Editor's note: The Journal today continues its countdown of the Top 10 Stories of 2020 in Siouxland, as chosen by Journal staff. The No. 1 story will be revealed on Sunday, and the Journal's annual Newsmaker of the Year will be named on Jan. 3.
HULL, Iowa -- There was a seismic change in the Iowa 4th Congressional District in 2020, as seemingly entrenched Rep. Steve King fell to fellow Republican Randy Feenstra in the June primary election. Feenstra, a state senator from Hull, then defeated Democrat J.D. Scholten in the November general election.
In both cases, Feenstra won handily, first in the primary with five Republicans on the ballot.
He beat King, who is ending 18 years in office, by nearly 10 points, as Feenstra got 36,797 votes, for 45.6 percent, while King had 28,977 votes for 35.9 percent. Three other candidates took the rest of the votes, with Jeremy Taylor, a Sioux City former legislator, coming in next at 7.8 percent.
Then, Feenstra got 62 percent against Scholten, who lost by just 3 points to King in 2018. Feenstra carried 38 of the district's 39 counties, collecting 236,852 votes to Scholten's 144,344.
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As a result, Feenstra will represent Iowa's most Republican district. The 4th District had been a reliable seat for Republicans until King in late 2018 faltered down the stretch of that election cycle, narrowly defeating Scholten. That outcome piqued the interest of Feenstra to jump into the next race right away in January 2019.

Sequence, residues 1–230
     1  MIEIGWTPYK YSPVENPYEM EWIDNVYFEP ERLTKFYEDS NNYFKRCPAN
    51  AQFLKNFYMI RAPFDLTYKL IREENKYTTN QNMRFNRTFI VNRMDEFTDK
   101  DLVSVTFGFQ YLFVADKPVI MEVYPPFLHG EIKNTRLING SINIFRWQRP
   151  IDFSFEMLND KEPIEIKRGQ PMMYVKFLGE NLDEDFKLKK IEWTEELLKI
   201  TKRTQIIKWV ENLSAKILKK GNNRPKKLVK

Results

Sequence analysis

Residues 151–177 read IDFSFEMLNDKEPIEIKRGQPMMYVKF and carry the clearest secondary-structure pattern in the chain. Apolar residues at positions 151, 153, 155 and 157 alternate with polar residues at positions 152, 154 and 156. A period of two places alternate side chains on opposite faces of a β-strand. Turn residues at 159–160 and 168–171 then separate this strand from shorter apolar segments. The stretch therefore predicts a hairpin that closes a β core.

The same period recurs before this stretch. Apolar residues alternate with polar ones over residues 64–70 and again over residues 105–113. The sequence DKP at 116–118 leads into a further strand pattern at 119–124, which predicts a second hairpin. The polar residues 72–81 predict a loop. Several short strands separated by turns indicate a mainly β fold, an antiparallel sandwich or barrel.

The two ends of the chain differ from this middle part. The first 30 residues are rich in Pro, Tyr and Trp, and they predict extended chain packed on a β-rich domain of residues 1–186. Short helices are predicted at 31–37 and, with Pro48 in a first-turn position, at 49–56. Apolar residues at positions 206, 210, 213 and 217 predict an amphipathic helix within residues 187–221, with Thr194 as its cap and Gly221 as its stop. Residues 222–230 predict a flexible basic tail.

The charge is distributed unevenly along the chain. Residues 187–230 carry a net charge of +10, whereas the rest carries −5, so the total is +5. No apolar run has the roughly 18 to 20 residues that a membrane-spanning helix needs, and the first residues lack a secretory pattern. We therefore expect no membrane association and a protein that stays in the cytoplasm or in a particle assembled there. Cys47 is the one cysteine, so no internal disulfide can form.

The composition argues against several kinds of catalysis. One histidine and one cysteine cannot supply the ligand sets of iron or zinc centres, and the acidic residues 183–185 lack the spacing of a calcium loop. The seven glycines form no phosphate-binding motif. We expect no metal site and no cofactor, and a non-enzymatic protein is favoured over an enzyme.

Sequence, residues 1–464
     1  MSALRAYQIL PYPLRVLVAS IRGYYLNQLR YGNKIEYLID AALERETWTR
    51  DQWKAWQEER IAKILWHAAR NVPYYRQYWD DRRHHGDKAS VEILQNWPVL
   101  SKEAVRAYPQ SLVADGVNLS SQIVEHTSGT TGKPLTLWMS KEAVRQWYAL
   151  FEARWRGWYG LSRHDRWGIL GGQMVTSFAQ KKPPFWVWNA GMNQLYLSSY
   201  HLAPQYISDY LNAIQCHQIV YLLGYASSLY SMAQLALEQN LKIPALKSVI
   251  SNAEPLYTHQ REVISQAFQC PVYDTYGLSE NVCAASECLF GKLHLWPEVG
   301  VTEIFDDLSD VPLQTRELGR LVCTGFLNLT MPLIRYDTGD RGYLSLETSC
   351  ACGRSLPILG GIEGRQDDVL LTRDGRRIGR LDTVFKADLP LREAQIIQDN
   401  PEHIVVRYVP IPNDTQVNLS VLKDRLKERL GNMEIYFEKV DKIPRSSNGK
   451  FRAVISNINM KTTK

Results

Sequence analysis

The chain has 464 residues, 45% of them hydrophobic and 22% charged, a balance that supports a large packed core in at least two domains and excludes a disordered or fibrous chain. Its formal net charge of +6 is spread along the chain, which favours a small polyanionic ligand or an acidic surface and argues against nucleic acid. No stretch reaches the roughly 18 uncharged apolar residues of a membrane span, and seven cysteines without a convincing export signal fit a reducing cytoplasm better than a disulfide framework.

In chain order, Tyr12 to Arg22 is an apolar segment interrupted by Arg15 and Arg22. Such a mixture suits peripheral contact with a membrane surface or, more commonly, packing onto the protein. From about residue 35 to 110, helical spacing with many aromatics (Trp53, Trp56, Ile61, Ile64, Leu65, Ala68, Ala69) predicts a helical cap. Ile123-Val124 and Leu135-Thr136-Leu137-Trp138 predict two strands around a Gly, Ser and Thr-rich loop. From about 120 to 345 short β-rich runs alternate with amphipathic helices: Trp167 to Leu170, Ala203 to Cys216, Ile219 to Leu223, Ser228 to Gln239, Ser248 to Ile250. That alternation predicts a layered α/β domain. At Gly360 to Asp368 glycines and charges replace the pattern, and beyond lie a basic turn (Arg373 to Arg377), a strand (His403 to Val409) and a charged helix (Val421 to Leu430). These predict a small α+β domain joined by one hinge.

King had been a reliable voice for conservative causes such as a tough immigration policy, defending gun rights and cutting taxes. Feenstra sought to appeal to the fiscal conservative wing of the Republican Party, and some right-center business groups responded with financial support.
Feenstra considerably outraised King in campaign funds, money that resulted in a slew of campaign ads touting his tagline Feenstra Delivers, which sought to paint a difference between himself and King on results for constituents.
The unforeseen factor of the novel coronavirus pandemic prompted state election officials to mail absentee ballots to all registered voters. Several Iowa politicos said expanded ballot access helped attract 20,000 to 30,000 voters in the 4th District who rarely, if ever, voted in a Republican Party primary. Feenstra particularly appealed to those voters.
Additionally, while King was a full-throated critic of so-called Never Trumpers, President Donald Trump didn't reciprocate with support as King fought for his political life in the tightly contested Republican primary. Just four years earlier, King co-chaired Trump's presidential campaign in Iowa.
One day after his win, on Nov. 4 Feenstra shared on Twitter a photo of him taking a congratulations call from Trump. "Thanks to @realDonaldTrump for the phone call! We are going to run hard, win in November, and elect a congressman who delivers," Feenstra tweeted.
Over November and December, Feenstra joined other incoming freshmen members for training related to the task of being a representative. In the first week of January, he begins a two-year term, where he plans to "deliver for our families, farmers and Main Street."